Many of our patients who use our prosthetic devices are disabled veterans who are no longer in the military due to their disability.
Many of them have expressed frustration with transitioning from the military to civilian life, which can be hard enough for a veteran who doesn’t have a disability.
But, as we’ve helped them to learn, there are plenty of opportunities available to disabled veterans who want to find a new way to use their skills and experiences.
One of the most common ways disabled veterans have gotten back in the game and realized their potential is starting their own business.
Here, we’ll talk about how starting your own business can empower you to seize the day and live the life you want – even with your disability.
Veterans Have What It Takes: Courage
The veteran patients we’ve worked with, to a person, have something that every entrepreneur needs: courage.
Courage isn’t an absence of fear; it’s acting in the presence of it. And there’s a lot to fear when you’re starting your own venture, just like there’s a lot of fear when you face life with a disability.
What you’ll realize is that you have courage, and this courage is a must-have trait for a would-be businessperson. Courage is what will keep you moving forward even though the path seems intimidating and you may not be sure where you’re going or what you’re doing.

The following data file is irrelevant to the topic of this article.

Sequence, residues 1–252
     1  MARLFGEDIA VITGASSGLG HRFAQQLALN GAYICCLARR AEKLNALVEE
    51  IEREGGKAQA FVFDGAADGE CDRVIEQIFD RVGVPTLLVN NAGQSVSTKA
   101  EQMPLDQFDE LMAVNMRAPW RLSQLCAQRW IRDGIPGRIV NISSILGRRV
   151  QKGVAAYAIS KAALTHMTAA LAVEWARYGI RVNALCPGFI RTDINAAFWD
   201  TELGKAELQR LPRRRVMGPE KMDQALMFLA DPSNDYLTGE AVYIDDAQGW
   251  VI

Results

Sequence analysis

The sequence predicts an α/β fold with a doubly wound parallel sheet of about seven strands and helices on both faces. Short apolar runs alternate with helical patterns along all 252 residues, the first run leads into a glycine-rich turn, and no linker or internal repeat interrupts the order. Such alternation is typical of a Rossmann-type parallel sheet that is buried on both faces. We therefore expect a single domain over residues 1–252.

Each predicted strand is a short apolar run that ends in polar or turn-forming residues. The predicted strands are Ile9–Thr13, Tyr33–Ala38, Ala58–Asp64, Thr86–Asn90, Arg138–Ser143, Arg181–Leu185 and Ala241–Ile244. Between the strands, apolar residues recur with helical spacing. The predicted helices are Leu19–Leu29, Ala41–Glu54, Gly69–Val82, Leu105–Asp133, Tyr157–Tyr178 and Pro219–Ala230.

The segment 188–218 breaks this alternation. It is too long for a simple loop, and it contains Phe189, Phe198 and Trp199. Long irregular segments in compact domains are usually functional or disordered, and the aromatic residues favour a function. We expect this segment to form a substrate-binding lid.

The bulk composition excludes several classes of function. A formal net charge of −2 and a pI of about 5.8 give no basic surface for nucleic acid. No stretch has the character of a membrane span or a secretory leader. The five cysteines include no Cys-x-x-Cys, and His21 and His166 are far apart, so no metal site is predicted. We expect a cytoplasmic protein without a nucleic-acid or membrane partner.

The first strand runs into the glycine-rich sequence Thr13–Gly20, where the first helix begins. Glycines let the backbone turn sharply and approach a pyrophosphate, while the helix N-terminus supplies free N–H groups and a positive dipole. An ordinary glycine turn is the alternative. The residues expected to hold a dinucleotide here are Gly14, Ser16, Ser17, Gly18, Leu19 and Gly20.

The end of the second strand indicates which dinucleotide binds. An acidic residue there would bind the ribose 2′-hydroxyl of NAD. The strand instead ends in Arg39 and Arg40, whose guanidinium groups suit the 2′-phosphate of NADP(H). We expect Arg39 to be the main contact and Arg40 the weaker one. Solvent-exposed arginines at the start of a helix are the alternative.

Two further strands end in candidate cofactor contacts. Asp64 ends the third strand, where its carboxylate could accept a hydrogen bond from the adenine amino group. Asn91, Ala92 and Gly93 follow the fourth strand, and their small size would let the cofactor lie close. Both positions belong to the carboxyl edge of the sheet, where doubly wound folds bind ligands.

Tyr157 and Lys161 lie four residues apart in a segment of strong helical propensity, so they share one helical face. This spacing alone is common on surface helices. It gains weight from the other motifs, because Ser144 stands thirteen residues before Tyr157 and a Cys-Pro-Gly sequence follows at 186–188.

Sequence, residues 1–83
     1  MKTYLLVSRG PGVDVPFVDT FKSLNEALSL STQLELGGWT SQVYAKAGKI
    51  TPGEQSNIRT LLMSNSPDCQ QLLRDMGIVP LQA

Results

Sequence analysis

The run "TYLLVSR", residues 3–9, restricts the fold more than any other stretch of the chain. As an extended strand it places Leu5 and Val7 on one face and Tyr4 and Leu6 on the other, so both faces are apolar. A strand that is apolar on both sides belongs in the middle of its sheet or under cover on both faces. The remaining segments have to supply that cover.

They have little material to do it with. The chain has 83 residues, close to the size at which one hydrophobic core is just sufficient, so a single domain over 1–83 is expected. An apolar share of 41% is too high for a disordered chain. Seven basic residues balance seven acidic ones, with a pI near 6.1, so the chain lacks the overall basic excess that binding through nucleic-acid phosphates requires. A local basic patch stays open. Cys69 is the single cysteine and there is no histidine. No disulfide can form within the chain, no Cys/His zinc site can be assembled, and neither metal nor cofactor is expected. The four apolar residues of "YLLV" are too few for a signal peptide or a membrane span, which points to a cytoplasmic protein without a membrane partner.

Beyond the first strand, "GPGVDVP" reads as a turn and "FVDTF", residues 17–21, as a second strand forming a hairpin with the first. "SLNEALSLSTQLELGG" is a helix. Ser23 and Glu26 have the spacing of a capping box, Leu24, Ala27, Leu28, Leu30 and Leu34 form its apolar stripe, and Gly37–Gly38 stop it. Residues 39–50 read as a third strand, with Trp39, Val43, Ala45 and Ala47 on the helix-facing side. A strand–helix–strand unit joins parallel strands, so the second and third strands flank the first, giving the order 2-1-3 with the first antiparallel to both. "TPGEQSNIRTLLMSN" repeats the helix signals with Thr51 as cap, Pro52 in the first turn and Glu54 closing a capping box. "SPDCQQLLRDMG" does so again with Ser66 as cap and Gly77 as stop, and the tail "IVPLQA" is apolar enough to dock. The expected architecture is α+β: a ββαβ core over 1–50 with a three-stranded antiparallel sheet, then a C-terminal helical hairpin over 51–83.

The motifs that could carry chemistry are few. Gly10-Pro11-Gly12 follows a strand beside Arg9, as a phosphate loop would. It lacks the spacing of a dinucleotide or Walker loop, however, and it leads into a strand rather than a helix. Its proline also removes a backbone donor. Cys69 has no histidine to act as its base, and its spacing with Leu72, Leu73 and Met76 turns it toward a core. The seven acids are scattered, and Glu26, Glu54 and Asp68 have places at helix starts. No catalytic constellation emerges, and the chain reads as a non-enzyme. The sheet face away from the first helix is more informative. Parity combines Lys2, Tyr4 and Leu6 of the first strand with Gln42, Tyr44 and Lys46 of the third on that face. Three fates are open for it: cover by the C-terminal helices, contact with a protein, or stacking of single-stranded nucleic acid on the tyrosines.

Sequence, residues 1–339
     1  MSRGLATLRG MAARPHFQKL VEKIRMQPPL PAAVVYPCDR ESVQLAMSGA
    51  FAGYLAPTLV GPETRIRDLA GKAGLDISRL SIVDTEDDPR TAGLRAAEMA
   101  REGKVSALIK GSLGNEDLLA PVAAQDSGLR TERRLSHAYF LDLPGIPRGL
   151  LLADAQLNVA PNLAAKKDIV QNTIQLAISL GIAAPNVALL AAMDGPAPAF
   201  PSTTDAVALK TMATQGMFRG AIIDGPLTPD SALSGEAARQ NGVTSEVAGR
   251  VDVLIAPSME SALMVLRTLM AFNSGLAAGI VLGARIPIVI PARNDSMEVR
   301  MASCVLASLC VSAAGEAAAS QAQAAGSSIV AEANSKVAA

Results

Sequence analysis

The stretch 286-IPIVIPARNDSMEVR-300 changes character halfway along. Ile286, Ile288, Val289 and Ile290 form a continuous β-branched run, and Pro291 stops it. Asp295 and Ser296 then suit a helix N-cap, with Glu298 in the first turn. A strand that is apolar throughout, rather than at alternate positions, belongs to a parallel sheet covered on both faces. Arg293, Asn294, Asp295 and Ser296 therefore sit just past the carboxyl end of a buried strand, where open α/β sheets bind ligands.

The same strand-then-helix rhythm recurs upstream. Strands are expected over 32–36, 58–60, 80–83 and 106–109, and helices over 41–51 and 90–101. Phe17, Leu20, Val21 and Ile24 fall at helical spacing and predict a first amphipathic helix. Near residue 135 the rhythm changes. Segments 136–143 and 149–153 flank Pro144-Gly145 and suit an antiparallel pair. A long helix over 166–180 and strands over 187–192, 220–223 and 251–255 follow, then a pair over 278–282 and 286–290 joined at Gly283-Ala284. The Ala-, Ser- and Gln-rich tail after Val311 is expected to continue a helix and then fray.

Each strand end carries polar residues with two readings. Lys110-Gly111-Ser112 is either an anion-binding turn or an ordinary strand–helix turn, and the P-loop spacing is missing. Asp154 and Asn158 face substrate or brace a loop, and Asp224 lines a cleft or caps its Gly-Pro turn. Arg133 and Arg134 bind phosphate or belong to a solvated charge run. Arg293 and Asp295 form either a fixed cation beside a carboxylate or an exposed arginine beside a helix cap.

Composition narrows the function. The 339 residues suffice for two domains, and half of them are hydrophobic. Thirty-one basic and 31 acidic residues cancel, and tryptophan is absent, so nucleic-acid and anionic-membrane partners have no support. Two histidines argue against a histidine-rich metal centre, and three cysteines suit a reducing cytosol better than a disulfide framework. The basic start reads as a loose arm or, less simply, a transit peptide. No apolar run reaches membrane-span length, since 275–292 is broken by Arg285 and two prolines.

Courage sustains, not just in business, but in living life as a disabled veteran.
Veterans Know the Value of Teamwork and Leadership
You may have been in a leadership position when you were in the military, but even if you weren’t, you were part of a team and understand how teamwork and leadership go hand in hand to achieve a mission.
These traits are very difficult to find in the workforce among people who didn’t serve. Employers will pay a premium to find a hard-working team member, let alone a leader. As a veteran, you have an advantage.
Even if you don’t start your own business, you can parlay your experiences as a dedicated team member to the workforce. There is an employer out there who’d love to have you.
And if you are starting your own business, you’ll be able to put together a strong team because you know what it takes to get the job done when it comes to people.
The Government Will Help You
As a veteran, you will have preference for government contracts if you start your own veteran-owned small business (VOSB). A lot of veteran business owners have benefitted from this preference.
As a disabled veteran, you will get even more preference because you can qualify as a service-disabled veteran-owned small business (SDVOSB).
All of this comes with more opportunity for grants, loans, and other sources of funding to help get your business off the ground.
Above all, realize that life doesn’t end with the beginning of a disability. It’s just beginning. Your next journey is at hand, and it can be whatever you want it to be. Don’t let your disability get you down. See it as an opportunity to recognize the possibilities that lie before you – and seize them with courage, boldness, and determination.